Phage-Based Electrochemical Biosensors for Detection of Pathogenic Bacteria

Monday, October 12, 2015: 14:30
Phoenix East (Hyatt Regency)
Y. Zhou (Department of Chemistry, University of Georgia) and R. P. Ramasamy (College of Engineering,University of Georgia)
Bacterial pathogens are universally present in the environment and easily contaminate food and water to cause serious food-borne illness to humans. Detecting these pathogens in ultra low quantities is critical to prevent major outbreaks of food-borne diseases. Several approaches have been explored for detecting pathogenic bacteria in food and water of which electrochemical biosensors offer unique advantages including rapid detection, high sensitivity and easy-to-use testing procedure. However the specificity of detection and the cost of the biosensor heavily depend on the type and nature of the bio-recognition element used. Enzymes and antibodies are highly susceptible to environment and have low stability when used on electrodes. In this work, bacteriophage (virus) has been explored as an alternative bio-recognition element for the detection of pathogenic bacteria.  More specifically, a wild type T2 phage was utilized as recognition element for direct detection of Escherichia coli, ATCC 11303. The T2 phage was immobilized on carbon nanotube modified screen-printed carbon electrodes (SPE) using a molecular tethering approach developed by us.1 The binding of phage to the carbon nanotubes was verified by X-ray photoelectron spectroscopy (XPS) and atomic force microscopy (AFM). The phage-modified electrodes were used to specifically detect E. coli. Electrochemical impedance spectroscopy was used to detect the impedance variations resulting from the binding of E. coli to T2 phage. The phage-based biosensor showed high sensitivity towards the detection of E. coli and the controls in the absence of phage did not show any signal for the E. coli detection.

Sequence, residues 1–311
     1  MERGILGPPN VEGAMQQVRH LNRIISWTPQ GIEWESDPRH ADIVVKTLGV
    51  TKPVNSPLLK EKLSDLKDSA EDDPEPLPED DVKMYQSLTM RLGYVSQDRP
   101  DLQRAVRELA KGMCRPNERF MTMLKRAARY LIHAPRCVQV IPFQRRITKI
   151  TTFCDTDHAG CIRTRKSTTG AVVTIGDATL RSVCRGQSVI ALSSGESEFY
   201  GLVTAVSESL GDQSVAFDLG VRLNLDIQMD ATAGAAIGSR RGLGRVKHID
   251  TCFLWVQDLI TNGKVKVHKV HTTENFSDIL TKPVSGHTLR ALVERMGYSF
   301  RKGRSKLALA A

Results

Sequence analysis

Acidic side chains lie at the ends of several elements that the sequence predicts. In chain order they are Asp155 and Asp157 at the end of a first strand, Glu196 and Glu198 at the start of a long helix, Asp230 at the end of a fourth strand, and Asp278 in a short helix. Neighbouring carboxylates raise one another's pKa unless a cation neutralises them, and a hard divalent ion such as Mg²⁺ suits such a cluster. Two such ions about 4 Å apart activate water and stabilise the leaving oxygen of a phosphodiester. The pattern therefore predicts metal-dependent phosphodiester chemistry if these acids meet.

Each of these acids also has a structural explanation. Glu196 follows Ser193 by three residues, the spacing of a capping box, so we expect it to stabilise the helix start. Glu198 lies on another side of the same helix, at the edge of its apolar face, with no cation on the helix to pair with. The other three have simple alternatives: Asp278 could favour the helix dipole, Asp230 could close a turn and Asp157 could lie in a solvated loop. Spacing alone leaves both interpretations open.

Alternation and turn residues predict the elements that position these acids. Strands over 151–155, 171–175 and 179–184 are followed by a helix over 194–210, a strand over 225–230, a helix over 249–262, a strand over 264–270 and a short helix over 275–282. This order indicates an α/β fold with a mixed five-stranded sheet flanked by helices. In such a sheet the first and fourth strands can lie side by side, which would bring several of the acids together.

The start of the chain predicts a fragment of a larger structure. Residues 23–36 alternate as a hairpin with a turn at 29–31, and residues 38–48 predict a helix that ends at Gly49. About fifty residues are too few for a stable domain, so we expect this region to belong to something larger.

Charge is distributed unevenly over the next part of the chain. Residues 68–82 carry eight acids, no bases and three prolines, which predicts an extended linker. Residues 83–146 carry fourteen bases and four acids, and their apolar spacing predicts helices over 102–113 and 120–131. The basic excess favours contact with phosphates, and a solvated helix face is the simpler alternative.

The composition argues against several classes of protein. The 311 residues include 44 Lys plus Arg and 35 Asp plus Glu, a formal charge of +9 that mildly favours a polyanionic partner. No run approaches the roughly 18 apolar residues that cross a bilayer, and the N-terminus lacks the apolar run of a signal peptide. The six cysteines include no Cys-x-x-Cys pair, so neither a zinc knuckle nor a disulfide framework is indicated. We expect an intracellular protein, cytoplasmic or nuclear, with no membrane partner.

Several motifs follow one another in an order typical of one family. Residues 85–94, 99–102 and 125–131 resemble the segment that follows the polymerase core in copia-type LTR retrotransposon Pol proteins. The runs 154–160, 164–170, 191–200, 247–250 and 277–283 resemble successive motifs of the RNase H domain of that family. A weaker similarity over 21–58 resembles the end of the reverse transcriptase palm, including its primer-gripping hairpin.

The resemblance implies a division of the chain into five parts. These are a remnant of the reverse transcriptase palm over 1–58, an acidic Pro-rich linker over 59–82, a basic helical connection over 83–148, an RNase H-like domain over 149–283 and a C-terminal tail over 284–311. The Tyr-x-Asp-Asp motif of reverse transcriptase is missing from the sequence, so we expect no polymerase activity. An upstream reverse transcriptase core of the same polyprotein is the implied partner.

1. Ramasamy, R. P.; Luckarift, H. R.; ivnitski, D. M.; Atanassov, P. B.; Johnson, G. R., High electrocatalytic activity of tethered multicopper oxidase-carbon nanotube conjugates. Chemical Communications 2010, 46 (33), 5977-6188.